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Gwyneth Moss on The Importance of Rehearsal in an EFT session

EFt Tapping Outdated ImageNote: This is one of 3,000 articles written prior to the updated Gold Standard (Official) EFT Tapping Tutorial™.  It provides practical uses for EFT Tapping and most EFT'ers should find it very helpful.  However, if your benefits are temporary or a more in-depth approach is needed, you are urged to explore our newest advancement, Optimal EFT, by reading our free e-book, The Unseen Therapist, and/or (3) get help from a Certified EFT Practitioner.  

Hi Everyone,

Gwyneth Moss from the UK gives us a useful way for clients to "mentally rehearse" their issues. It's a great way to verify how they are progressing through the session and for ascertaining what more needs to be done. She says, "Rehearsal is a fantastic way to end a session because it gives the person an experience of feeling, thinking and behaving differently in the safety of their imagination thus creating confidence.  When we can do something in our imagination we are more prepared for doing it in reality.  And, for the therapist, rehearsal is a further check for any un-cleared aspects and a verification of completeness."

Hugs, Gary


By Gwyneth Moss, MA 

Testing is a key skill in the mastery of EFT.  My previous article “The End at the Start Test” outlined how to build in testing right from the beginning of an EFT session.  Now I’d like to tell you about the Rehearsal stage of my three step testing process: Test, Rehearse, Reality.

Very often when the “End at the Start” test gets the result we are looking for it’s a great idea to follow with a thorough rehearsal to take the change into the future and ensure that we keep the change.  We know that our application of EFT Techniques has cleared the obvious aspects and maybe even a core issue – so now its time to kick the tires. 

Rehearsal is a fantastic way to end a session because it gives the person an experience of feeling, thinking and behaving differently in the safety of their imagination thus creating confidence.  When we can do something in our imagination we are more prepared for doing it in reality.  And, for the therapist, rehearsal is a further check for any un-cleared aspects and a verification of completeness.

With Susan (see article “The End at the Start Test”) after establishing that her stomach was now calm in response to the thoughts that had previously provoked dread, I ask her to close her eyes and then I offer her my rehearsal questions, slowly and with generous time between each.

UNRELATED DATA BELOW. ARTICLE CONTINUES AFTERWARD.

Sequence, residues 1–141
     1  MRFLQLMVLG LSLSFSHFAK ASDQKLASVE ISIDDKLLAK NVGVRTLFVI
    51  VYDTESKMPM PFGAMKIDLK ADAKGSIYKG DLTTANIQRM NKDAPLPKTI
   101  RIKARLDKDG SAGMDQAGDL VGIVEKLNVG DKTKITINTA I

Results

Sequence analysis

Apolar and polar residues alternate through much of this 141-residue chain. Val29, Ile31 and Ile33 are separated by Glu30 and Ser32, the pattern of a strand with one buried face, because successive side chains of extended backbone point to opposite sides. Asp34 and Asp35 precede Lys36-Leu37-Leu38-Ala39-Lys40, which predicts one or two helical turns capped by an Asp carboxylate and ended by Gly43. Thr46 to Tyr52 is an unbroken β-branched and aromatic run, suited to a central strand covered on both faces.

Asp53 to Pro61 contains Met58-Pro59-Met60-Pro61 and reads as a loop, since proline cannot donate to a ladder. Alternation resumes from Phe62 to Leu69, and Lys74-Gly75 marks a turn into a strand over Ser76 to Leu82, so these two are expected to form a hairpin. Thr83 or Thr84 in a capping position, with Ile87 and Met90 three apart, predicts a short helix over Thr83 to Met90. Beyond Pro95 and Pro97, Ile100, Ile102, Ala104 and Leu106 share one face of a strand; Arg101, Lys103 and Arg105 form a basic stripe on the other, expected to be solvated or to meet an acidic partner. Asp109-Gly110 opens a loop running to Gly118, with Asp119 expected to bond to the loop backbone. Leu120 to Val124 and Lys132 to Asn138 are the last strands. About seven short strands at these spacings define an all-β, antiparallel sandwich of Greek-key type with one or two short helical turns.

“Now, let your mind wander into the future and give you experiences that let you know how you are different?”
“And what has changed?”
“And what can you do now that you couldn’t do before?”
“And what don’t you need to do now that you did do before?”
“And do you like yourself more?”

Some people will answer these questions aloud and others simply relax into their inner experience.  It doesn’t matter; you can just leave them to it unless the questions provoke some un-cleared aspect of the original problem, in which case back to more tapping and then test and rehearse again.

After the first round of rehearsal questions I might say “And now let your mind wander even further into the future.” and then I simply ask the same questions again. 

When the change has been about a specific situation or behaviour such as flying or riding in an elevator (a lift for those of us speaking European English) then I will take a more directive approach to rehearsal.

Tom, an otherwise well balanced and practical engineer had once been stuck in a lift.  Since that time he had developed severe claustrophobia, particularly in relation to lifts.  Our “End at the Start” test had been seeing the doors closing which had previously given rise to increased heart rate and sweaty hands.  After clearing several aspects and using the Movie Technique on the memory of being stuck he could now think about the doors closing without reacting.

So now we rehearse and I ask him to close his eyes and see a screen and to see himself on the screen walking towards the lifts in a local hotel.  I ask him to watch himself, press the button to call the lift, step in, see the doors close, watch himself as the lift ascends, see the doors open, step out.  As I guide him through first seeing himself in this rehearsal I am watching closely for any sign of his previous response – he remains calm and I ask, referring to the Tom on the screen “How is he doing?” and get “Fine, he’s doing fine”. 

Next I ask him to float into the screen and to see though his own eyes and feel his own feelings as he presses the call button for the lift and I talk him through it again and ask “And how are you doing?”   “Fine, just fine” he says and he looks more relaxed and more confident.

So to recap, set up your test at the start, apply EFT and let the session go wherever it needs to, return to the starting point to test and then take them into a rehearsal of future experience.

Gwyneth Moss

 

 

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